“The Avengers” is, if nothing else, one of Hollywood’s most successful marketing triumphs of recent years. The picture, which grossed a whopping $200 million this past weekend, has drawn together comic book characters Iron Man (Robert Downey, Jr.), (Chris Evans), Thor (Chris Hemsworth) and The Hulk (Mark Ruffalo), each of whom have previously appeared in their own feature film.
Add “Buffy the Vampire Slayer” creator Joss Whedon as director and throw a few minor characters into the mix – Hawkeye (Jeremy Renner), Black Widow (Scarlett Johansson) and Nick Fury (Samuel L. Jackson) – and there you have it - a cultural phenomenon.
In this case, it’s a pretty decent one. While “The Avengers” does not live up to the near-deafening hype that has led up to its release, it’s a solid big budget action film.
The film’s plot: Villain Loki (Tom Hiddleston), Thor’s wicked brother, arrives on Earth with plans of world domination, Fury gathers together the gang and fights ensue. Lots of fights.
While the film’s numerous special effects are handled well, I personally found the witty banter between the quartet of heroes to be the picture’s selling point.
Downey has, thankfully, recaptured his character’s mojo following the mediocre “Iron Man 2.” He gets most of the film’s best zingers.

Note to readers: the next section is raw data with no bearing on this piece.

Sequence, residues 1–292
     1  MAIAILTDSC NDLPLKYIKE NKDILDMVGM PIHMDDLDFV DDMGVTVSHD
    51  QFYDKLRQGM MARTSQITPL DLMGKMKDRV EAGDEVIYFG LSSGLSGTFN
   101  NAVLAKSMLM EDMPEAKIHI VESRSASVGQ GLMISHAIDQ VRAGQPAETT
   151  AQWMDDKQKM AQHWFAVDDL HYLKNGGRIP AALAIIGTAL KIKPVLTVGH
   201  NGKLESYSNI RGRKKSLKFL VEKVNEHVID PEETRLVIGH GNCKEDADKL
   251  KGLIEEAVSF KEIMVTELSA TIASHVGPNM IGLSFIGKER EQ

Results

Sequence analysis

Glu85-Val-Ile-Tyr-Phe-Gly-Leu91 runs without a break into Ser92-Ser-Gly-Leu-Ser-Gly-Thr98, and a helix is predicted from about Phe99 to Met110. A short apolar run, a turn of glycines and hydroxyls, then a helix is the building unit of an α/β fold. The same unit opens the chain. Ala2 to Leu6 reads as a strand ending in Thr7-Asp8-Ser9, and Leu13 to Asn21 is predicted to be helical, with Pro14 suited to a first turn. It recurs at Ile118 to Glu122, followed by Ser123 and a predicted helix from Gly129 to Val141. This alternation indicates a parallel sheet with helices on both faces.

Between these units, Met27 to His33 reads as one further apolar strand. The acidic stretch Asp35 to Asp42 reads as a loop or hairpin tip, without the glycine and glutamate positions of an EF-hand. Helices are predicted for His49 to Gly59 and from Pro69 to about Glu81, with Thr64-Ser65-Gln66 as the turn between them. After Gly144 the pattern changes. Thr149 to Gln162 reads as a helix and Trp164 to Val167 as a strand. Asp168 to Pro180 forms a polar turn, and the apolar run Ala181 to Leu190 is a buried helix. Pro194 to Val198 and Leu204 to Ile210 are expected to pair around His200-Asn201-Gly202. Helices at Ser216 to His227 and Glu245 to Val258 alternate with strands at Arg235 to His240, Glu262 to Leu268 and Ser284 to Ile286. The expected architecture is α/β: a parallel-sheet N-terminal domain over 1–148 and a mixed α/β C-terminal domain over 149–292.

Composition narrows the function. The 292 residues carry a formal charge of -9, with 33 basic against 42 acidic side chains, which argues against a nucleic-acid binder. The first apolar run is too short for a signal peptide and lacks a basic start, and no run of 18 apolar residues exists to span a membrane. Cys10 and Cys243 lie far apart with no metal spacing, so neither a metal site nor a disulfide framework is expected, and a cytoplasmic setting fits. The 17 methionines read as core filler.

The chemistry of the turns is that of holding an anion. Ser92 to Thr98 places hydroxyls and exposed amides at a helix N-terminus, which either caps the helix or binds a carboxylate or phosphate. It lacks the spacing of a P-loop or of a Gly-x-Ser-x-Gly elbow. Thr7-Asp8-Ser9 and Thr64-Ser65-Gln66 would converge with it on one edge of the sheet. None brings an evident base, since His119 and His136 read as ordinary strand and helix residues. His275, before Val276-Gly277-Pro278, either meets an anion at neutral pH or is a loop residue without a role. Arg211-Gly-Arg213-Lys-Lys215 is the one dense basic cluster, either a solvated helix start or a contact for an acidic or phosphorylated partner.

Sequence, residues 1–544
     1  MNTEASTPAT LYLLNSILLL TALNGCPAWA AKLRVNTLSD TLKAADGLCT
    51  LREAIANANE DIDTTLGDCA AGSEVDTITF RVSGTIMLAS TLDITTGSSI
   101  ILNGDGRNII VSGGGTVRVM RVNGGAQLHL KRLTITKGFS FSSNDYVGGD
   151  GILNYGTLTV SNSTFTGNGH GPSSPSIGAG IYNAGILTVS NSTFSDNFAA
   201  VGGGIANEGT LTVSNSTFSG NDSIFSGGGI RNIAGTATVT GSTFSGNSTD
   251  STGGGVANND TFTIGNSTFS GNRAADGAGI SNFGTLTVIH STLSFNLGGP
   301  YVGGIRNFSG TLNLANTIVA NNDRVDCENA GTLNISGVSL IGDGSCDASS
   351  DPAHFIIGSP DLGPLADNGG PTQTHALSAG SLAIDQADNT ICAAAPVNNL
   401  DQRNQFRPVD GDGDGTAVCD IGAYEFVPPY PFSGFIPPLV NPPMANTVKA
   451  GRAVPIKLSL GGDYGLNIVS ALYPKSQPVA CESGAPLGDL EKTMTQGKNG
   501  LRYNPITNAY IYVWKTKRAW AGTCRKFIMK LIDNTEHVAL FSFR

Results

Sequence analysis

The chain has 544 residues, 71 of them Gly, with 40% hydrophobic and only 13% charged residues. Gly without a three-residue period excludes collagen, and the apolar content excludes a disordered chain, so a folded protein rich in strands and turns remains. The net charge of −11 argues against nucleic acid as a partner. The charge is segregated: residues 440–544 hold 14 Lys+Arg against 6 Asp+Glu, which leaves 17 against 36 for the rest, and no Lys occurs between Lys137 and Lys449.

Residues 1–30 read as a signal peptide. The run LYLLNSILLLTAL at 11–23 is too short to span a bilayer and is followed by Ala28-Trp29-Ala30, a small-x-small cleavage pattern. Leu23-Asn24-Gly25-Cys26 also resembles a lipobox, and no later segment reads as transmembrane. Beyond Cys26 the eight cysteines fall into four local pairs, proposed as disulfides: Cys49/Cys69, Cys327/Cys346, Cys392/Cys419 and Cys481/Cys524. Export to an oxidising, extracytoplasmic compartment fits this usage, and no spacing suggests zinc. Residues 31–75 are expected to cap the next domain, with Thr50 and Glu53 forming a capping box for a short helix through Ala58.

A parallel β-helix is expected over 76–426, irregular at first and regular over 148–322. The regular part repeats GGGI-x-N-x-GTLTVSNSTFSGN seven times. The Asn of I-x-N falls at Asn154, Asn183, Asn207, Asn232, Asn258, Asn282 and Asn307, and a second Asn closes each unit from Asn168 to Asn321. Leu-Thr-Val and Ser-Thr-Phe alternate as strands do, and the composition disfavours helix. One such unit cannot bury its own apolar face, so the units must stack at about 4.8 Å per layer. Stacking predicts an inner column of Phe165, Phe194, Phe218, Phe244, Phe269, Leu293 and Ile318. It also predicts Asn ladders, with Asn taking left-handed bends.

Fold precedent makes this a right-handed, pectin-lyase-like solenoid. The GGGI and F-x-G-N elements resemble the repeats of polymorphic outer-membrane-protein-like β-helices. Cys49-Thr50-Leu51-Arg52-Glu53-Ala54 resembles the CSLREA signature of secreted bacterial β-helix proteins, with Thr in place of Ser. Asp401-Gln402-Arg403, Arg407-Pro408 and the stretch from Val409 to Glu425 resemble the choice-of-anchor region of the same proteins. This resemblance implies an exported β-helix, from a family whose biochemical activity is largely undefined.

“The Avengers” is lacking the complexity of Christopher Nolan’s “Batman” films and the ambition of Zach Snyder’s flawed “Watchmen” movie. But it’s a significant improvement on last summer’s lot, which included “” and “.”
It’s a good summer blockbuster, but not necessarily a great one.
“The Best Exotic Marigold Hotel” is last weekend’s other team effort.
Populated by a handful of former Oscar nominees and winners, including Judi Dench, Maggie Smith and Tom Wilkinson, the film is a charming, but lightweight, fish out of water comedy.
The group of elderly British characters, which also includes Bill Nighy and Penelope Wilton, all find themselves leaving their home country to spend their golden years in the titular abode, a run-down hotel in India that is operated by a young entrepreneur (Dev Patel, of “Slumdog Millionaire”).
Most of the picture’s revelations are not particularly staggering – one character falls in love with another, a crotchety traveler overcomes her prejudices and one character is returning to the country on unfinished business.
The film mostly works due to the range of talent involved in the project. It’s funny, if not hilarious, and good natured without being maudlin.
At its best, “The Best Exotic Marigold Hotel” is a decent movie for adults wishing to opt out of this summer’s smorgasbord of high concept Hollywood movies.